KYLE Spreads 'Sunshine' in 2017-18 College Basketball Campaign With ESPN: Interview

Courtesy of ESPN

KYLE has quickly become a four-letter hip-hop entity, and so it makes perfect sense that the 24-year-old has partnered with sports' largest four-letter entity: ESPN. This morning (Nov. 9) it is official that KYLE will be ESPN's Sonic Blockbuster artist for the network's 2017-18 college basketball coverage, announced via a 45-second college basketball trailer provided exclusively to Billboard.

ESPN's Sonic Blockbuster games are the marquee matchups featured throughout the season -- the first of these will be on Tuesday, Nov. 14. when No. 2 Michigan State will visit No. 1 Duke at 7 p.m. ET followed by No. 5 Kentucky versus No. 4 Kansas at 9:30 p.m. ET on ESPN.

But back to KYLE. Yes, "iSpy" featuring Lil Yachty was massive -- the platinum single that propelled KYLE into a new stratosphere and to No. 4 on the Hot 100. He knows it, you know it, let's move on. Specifically, let's move on to "Sunshine" -- the collaboration with Miguel that will serve as the campaign's official anthem.

"We were looking for an artist to truly collaborate with, someone with a cool 'design' about themselves," ESPN Music Director Kevin Wilson tells Billboard. "KYLE is a great artist, and has a great image that's fun, upbeat and bright. His style and design really fit the tone of ESPN's college hoops coverage, as you can see through our new design and graphics package this year." 

During a chat with Billboard, KYLE was his usual sunshine-y self, which might normally sound like a stretch, probably even cliché. In his case, though, to not describe KYLE that way would just be a disservice to his demeanor. 

Before hanging up, KYLE said, "I'm just gonna sign off with I love my mom, and I love college basketball."

How did this opportunity with ESPN come about? 

Like every other young person -- I think at this point, it's pretty much the whole world -- I grew up loving sports. Playing sports. I played football. I was pretty bad at that. I played baseball. I kind of sucked at that. They used to call me "The Buntmaster" because my coach never wanted me to swing. So he called me "The Buntmaster" as a way to make me feel cool about sucking at baseball. 

I've just loved sports my whole life, and so when the opportunity came to work with ESPN, I mean, it was like pretty much a no-brainer. Something I've always been a fan of anyway. 

Funny you opened with that because I was going to ask whether you were one of the millions of us who watched SportsCenter and ESPN growing up, which clearly you were, so which anchor or ESPN personality do you think best represents what you would be like as a sports broadcaster?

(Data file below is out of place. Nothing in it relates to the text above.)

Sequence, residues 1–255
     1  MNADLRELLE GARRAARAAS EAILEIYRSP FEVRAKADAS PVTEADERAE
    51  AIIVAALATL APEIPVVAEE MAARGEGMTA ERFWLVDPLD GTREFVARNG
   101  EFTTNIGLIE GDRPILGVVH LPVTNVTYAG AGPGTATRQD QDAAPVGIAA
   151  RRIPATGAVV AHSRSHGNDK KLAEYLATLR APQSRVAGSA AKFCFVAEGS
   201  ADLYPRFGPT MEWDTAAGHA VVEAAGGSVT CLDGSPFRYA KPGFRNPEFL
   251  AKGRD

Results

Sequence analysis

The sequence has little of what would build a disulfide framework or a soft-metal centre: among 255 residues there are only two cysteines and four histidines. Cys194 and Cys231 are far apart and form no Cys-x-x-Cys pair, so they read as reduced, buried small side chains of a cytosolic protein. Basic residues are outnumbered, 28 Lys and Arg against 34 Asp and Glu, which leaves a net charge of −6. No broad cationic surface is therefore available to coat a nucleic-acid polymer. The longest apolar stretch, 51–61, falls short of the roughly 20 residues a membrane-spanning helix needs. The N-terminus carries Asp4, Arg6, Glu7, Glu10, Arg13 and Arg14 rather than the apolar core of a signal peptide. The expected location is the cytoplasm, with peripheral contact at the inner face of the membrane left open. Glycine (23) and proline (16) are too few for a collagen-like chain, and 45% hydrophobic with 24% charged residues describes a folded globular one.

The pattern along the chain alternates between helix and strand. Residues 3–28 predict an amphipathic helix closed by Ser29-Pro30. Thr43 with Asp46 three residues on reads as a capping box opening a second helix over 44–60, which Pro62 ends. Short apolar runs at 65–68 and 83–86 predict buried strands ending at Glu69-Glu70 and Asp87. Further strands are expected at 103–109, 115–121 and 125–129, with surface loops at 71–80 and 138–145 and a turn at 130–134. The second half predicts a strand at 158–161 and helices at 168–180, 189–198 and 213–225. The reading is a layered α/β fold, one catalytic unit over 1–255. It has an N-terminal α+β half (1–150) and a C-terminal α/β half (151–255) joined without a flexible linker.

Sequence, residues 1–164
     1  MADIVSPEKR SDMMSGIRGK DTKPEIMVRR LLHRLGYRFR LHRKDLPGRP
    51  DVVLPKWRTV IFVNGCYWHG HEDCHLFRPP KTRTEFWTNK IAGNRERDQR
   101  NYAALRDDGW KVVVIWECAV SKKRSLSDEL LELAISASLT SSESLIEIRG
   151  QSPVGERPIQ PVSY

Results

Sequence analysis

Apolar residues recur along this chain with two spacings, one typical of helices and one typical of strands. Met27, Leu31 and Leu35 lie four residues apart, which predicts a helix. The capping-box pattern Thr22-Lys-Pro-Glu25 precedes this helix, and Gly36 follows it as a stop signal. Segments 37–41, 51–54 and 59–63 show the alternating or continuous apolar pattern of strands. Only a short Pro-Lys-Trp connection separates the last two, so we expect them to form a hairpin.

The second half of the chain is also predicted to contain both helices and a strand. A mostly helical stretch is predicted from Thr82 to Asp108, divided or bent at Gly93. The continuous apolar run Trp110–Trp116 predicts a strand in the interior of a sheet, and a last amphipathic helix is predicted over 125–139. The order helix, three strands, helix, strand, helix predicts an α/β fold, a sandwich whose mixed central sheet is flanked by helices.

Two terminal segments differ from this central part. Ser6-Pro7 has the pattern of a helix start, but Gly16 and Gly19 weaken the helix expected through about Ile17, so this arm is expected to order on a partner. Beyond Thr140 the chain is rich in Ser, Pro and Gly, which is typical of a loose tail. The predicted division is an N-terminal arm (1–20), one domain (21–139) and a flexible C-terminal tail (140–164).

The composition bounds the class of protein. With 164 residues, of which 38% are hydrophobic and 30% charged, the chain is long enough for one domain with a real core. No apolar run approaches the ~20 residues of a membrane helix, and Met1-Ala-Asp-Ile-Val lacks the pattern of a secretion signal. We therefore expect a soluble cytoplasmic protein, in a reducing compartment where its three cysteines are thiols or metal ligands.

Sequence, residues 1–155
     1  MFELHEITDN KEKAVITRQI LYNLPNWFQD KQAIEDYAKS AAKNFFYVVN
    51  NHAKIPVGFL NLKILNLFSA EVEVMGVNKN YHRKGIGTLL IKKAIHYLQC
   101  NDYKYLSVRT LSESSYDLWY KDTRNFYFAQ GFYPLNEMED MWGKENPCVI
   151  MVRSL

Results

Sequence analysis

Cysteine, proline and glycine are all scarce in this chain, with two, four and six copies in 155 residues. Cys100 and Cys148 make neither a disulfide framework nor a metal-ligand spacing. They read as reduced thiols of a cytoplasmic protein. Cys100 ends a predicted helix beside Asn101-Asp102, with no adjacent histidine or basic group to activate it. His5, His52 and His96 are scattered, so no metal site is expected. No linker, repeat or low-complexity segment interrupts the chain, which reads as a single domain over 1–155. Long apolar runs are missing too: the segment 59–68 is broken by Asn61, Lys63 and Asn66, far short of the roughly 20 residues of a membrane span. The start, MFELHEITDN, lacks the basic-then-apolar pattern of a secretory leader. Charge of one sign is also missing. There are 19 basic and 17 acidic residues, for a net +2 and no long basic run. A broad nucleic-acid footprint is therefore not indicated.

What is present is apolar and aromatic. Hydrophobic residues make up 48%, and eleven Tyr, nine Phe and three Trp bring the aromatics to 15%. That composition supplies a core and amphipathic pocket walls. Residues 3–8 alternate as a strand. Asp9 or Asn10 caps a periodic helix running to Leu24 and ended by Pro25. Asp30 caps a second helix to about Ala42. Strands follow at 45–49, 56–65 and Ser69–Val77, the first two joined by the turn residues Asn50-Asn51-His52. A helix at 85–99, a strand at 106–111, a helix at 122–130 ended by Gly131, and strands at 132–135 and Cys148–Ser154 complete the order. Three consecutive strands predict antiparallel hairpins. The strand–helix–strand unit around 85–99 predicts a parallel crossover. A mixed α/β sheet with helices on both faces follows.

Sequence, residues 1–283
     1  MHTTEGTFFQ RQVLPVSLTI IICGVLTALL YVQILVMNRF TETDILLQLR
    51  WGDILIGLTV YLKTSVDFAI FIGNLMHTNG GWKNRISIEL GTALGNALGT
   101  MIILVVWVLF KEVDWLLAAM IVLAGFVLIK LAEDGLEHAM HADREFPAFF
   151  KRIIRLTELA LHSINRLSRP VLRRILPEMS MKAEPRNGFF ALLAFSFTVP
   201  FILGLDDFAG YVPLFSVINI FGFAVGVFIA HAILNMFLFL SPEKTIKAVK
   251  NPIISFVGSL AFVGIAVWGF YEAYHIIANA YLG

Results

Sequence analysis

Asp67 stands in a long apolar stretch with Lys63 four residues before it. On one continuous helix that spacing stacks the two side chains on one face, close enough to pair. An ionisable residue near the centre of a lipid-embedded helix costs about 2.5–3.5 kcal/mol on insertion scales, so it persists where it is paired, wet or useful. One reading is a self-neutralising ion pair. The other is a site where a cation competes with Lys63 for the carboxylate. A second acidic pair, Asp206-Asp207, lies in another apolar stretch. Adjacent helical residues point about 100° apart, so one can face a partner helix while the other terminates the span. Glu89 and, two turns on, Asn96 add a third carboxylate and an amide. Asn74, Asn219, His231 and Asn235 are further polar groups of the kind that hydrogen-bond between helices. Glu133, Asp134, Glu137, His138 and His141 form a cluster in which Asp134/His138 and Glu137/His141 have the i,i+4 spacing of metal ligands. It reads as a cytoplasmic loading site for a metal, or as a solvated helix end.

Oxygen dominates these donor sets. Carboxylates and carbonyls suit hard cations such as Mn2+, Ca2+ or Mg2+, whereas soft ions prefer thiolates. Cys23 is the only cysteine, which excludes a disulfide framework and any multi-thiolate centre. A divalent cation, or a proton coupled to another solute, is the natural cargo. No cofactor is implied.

The OG ones, like Chris Berman. I remember watching him. He was sick. I remember watching him as a child and thinking, "Yeah, that's the sports guy! Tell me about all the sports stuff, like, you know, Mark McGwire!" My family loves Mark McGwire. It was crazy. Mark McGwire was like the president or something. 

What would you say that Super Duper Kyle's mascot should be in theme of college basketball? 

Super Duper Kyle's mascot in the theme of basketball would for sure -- oh, let me think. He needs such an awesome character for that. Probably like a rocket ship. I would say a rocket ship because that vibe feels -- like if there was a team that would be like Super Duper Kyle, they would have to be some type of rocket ship because that's how I feel the majority of the time. Like, "pew!" You know what I'm sayin'? Just excited and full of energy. That mascot would always beat the other mascot in a dance-off because it's got way more energy. 


I use jordans for basketball - Ty Jeffers --

A post shared by KYLE (@superduperkyle) on

That's fair. And actually, the Toledo Rockets exist. 


Why did you decide to go with "Sunshine" as the song to roll out with this campaign? 

Well, I went with "Sunshine" for a very specific reason. When you go to a sporting event, or any gathering around sports, it was always interesting to me as a kid which music they were playing. And there's something about "Sunshine" as with all the other records that you love to hear at a sporting event that feels like it's a song for everybody. You know? You feel like it's a song you can get together and sing with your mom, with your dad, with your sister, with your brother, with your grandma, with your grandpa -- like, everybody that's there. 

I think that's the dope thing about sports, how inclusive it is and how it is a family thing. And so, I felt like "Sunshine" has this great positive feeling of a family song. Another reason I went with it [is] at sporting events, you don't want to hear a sad song, you don't want to hear some super explicit song. You wanna hear that song that gives you that great warm feeling inside, while you cheer for your team while you're eating popcorn. That's what "Sunshine" has. It has that warm feeling that brings people together.

How do you think your music meshes into the college basketball scene? 

The era of music that I came up on was -- remember, a lot of my first fans and first shows were at college schools, were at different universities and colleges around the country, There's a tight network -- musically, there's a tight network of college kids and college students that all listen to the same rap, all listen to the same music, and I am one of those people. So it's like my music career has always been deeply embedded in the college scene, and especially sporting events and stuff. 

So while you've been on these campuses performing, did you ever get a chance to have a crazy college game day experience at a sporting event -- basketball, football or whatever?